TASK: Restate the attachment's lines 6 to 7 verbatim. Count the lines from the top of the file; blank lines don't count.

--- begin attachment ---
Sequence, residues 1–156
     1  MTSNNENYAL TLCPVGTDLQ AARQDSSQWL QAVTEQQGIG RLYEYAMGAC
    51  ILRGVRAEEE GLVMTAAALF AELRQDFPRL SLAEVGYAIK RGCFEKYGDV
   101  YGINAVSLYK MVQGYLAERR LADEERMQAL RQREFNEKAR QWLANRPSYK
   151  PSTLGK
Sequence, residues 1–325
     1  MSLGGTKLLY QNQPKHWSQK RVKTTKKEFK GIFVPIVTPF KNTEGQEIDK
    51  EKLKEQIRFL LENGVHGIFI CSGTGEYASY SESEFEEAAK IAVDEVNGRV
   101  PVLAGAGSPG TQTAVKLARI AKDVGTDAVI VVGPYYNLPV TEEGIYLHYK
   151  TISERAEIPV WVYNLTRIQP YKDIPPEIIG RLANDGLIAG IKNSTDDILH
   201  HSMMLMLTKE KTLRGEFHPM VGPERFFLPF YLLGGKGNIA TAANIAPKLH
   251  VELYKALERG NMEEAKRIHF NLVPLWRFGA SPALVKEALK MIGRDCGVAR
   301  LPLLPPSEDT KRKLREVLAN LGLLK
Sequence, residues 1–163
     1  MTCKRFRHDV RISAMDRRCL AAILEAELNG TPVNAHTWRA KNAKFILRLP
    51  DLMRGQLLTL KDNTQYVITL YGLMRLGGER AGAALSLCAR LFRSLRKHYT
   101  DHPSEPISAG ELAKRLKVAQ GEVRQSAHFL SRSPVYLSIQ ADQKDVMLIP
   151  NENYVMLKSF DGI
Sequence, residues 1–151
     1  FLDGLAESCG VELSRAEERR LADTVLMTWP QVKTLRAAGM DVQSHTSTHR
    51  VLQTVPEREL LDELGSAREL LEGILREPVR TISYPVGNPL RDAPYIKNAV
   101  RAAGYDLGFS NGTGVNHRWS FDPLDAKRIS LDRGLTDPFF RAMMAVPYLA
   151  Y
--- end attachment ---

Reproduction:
Sequence, residues 1–325
     1  MSLGGTKLLY QNQPKHWSQK RVKTTKKEFK GIFVPIVTPF KNTEGQEIDK